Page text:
Kerbal Space Program is essentially NASA by trial and error. All the fun of building things and launching them into space, without the hassle of acquiring funding or the responsibility of having to return people to Earth safely.
The Kerbals are a race of little green humanoids who love space. More than anything else, they want to go to there. You can get them there by designing rockets and space planes of near-unlimited complexity (read: convolutedness), and testing them out. Some of your designs will succeed, and some will experience a "rapid unplanned vehicle disassembly." But that's half the fun.
Once you get the hang of getting things off the ground, you can really start to see how incredibly in-depth this game is. There is an entire solar system modeled here, with 7 planets and a bunch of moons orbiting them, giving you tons to do -- enough for hundreds of hours of play. As of this writing, I'm over 100 hours spent in-game, and the furthest I've gotten from Kerbin (the Earth-analog starting planet) is Eve, one of the nearest planets (and even then, I was forced to watch helplessly as the craft crashed into the surface, having spent all of its fuel on the voyage there).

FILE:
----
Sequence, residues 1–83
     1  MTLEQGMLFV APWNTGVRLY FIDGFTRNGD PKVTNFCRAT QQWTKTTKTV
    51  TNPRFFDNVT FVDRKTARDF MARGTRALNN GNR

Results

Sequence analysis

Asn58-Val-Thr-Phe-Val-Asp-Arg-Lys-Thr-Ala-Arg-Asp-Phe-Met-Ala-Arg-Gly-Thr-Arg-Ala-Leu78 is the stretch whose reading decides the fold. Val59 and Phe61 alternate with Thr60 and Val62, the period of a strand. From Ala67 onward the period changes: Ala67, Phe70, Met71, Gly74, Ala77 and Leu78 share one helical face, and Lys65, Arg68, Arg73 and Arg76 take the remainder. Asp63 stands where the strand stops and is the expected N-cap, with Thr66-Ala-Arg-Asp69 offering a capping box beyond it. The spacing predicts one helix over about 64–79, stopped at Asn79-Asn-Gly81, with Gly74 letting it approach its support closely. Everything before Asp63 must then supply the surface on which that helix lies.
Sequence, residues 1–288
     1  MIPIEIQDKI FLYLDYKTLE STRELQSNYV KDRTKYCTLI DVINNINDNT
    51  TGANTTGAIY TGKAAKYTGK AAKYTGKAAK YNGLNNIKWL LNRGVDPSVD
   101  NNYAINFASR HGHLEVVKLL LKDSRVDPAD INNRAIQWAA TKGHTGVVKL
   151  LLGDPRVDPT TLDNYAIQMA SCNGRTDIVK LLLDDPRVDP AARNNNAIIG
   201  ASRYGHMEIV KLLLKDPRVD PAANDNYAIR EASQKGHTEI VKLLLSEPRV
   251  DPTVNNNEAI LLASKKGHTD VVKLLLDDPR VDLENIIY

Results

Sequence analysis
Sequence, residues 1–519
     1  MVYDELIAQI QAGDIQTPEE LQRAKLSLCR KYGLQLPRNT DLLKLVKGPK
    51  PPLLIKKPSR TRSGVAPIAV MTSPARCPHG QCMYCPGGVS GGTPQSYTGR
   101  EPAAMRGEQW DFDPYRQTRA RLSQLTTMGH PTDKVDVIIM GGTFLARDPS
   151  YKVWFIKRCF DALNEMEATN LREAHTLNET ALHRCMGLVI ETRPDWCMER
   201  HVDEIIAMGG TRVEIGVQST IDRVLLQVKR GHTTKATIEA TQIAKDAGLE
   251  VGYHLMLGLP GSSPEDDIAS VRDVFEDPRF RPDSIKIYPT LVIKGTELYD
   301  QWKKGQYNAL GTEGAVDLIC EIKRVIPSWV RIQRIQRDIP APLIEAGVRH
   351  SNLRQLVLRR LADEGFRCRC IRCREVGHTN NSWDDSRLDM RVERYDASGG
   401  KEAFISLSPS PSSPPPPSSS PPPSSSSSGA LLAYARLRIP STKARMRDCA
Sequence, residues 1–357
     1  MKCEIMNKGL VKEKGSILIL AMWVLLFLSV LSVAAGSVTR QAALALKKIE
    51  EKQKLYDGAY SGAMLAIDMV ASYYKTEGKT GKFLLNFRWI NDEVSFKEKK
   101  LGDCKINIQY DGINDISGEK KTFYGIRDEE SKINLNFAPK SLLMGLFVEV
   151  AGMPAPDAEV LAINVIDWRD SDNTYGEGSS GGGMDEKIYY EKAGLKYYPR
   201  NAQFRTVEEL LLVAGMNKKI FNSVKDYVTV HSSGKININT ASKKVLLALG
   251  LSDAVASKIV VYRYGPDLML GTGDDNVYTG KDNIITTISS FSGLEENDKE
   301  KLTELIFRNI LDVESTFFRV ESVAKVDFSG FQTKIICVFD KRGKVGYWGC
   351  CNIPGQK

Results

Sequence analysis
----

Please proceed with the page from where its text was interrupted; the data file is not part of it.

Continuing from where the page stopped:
The game's physics are -- while scaled down for difficulty's sake -- actually fairly realistic. I never realized how little I knew about the physics involved in orbits until I started figuring out how to save fuel during launch by focusing more on horizontal velocity. Before long, I was looking up how to do gravity assists to get to other planets, and looking up actual rocket science formulas, trying to understand the principles behind them in order to improve my designs.
The game is still in Alpha, and as such it's a little rough around the edges (the most obvious to me is that the surface of Kerbin is devoid of any kind of structures besides the space center), but new updates are coming out with decent regularity. Most recently added is the career mode, which starts you out only with a handful of parts, requiring you to perform experiments and generate reports around the solar system to gain "science" -- a currency you can use to unlock new part selections. The part limitations give a new kind of challenge, and obtaining science gives the game a more objective focus, which I found very refreshing -- especially just as sandbox mode was starting to lose some of its draw.
If designing and flying rockets, space planes and/or whatever ridiculous contraption you can think of sounds fun, it's a safe bet that you'll enjoy this game. Despite still being in alpha, it's already more than worth what I paid.
Publicada: 1 novembro 2013